English church law has required since 1603 that every parish church hold a weekly Sunday service and Holy Communion at some time each week. Now that is set to change.

There are rural clusters of parishes (benefices) with a solitary priest serving as many as 20 parish churches, which makes it impossible to fulfill the law.

General Synod has now relaxed the requirement. Synod overwhelmingly supported a recommendation from its task group that simplifies church practices. The Rt. Rev. Pete Broadbent, Bishop of Willesden, said the law was out of date.

“At the moment, if you have 12 parishes you need a special dispensation [from the bishop] not to hold morning and evening prayers in every church,” he said.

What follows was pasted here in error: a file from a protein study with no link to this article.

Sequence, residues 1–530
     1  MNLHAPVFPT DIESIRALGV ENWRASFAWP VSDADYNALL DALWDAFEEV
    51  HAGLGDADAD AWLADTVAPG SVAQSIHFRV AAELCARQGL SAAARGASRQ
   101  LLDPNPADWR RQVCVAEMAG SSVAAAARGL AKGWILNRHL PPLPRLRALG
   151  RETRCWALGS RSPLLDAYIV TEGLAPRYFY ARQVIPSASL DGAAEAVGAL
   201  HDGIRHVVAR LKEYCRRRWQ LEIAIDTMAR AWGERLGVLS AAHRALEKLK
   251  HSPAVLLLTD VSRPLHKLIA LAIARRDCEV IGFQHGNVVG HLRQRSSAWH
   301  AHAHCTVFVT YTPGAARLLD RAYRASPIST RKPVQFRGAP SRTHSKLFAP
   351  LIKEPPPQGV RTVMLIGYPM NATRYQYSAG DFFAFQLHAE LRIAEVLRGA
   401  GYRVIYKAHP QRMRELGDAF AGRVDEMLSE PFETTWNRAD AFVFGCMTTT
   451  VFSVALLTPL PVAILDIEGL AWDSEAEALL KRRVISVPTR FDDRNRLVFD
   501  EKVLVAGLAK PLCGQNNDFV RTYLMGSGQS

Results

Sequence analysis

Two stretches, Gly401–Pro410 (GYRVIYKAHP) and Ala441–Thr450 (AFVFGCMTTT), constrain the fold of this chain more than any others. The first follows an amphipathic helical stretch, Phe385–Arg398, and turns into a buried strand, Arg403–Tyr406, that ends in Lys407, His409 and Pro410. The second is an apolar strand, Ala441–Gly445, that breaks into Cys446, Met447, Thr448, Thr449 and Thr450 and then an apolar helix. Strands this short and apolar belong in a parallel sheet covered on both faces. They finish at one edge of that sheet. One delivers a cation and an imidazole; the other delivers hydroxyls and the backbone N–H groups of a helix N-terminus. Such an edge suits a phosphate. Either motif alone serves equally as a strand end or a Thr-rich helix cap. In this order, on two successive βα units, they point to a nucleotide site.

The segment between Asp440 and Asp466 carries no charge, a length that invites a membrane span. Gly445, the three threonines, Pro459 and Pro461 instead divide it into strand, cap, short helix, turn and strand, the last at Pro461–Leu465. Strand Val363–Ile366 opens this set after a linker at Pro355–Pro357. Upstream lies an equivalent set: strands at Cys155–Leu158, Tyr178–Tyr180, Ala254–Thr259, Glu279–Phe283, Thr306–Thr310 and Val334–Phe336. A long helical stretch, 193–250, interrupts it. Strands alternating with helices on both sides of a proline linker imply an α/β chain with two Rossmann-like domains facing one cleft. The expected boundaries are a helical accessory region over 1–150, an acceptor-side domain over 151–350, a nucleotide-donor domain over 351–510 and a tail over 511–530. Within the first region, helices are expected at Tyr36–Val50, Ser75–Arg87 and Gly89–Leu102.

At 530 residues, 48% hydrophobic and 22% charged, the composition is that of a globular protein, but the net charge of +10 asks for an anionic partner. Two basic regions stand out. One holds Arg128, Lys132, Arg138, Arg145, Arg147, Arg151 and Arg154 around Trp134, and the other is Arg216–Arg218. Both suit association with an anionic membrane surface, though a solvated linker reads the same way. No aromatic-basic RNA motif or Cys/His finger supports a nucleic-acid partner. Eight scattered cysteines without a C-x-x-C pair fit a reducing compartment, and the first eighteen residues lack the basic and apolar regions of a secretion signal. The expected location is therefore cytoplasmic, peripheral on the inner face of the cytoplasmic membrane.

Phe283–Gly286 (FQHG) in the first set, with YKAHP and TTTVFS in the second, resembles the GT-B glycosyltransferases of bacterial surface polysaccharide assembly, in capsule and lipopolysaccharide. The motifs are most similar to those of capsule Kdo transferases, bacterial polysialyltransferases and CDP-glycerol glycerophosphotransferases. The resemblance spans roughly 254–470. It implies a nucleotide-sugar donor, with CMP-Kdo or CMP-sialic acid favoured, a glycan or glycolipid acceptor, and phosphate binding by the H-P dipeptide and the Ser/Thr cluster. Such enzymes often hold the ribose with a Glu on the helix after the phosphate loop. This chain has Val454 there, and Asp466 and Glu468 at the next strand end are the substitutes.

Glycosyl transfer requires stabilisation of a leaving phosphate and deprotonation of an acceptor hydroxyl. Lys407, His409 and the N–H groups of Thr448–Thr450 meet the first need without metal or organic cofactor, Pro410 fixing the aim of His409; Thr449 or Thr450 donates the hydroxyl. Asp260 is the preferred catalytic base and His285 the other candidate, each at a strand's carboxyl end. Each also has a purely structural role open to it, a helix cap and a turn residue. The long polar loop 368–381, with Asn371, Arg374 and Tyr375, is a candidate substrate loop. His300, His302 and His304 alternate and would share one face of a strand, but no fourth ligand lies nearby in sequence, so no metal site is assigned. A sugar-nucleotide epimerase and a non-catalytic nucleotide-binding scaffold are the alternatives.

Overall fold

Broadbent added that the change would make honest people of clergy who were flouting the technicality of the law. “People can’t look after loads of parishes, but [canon] law doesn’t recognize that reality.”

The need for realism grows from changing demographics. In 1960, just 17 percent of parish churches were part of multi-parish groups. The number had swelled to 71 percent by 2011, according to church statistics.

Some dioceses with clergy shortages try to recruit more laypeople to lead services, but they cannot celebrate Holy Communion.

Two lay members of synod voted against the change and one abstained. The change now awaits assent by the Queen.

John Martin

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